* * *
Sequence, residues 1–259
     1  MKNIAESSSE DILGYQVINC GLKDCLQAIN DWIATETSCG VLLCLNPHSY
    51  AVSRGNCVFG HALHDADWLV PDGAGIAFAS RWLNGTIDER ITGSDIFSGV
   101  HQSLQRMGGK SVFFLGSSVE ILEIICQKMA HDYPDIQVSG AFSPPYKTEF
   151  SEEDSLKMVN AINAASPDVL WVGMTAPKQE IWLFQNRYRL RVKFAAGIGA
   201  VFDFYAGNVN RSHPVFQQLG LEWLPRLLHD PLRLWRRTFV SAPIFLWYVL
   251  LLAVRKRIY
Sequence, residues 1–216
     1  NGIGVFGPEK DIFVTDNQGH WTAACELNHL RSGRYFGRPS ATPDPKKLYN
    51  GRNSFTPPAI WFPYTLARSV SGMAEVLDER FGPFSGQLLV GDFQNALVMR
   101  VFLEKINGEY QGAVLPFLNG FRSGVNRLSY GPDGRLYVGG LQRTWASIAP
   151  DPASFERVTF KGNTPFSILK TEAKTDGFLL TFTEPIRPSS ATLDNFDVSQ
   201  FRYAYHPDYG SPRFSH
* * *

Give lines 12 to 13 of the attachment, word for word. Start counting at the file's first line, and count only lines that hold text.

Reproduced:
   151  DPASFERVTF KGNTPFSILK TEAKTDGFLL TFTEPIRPSS ATLDNFDVSQ
   201  FRYAYHPDYG SPRFSH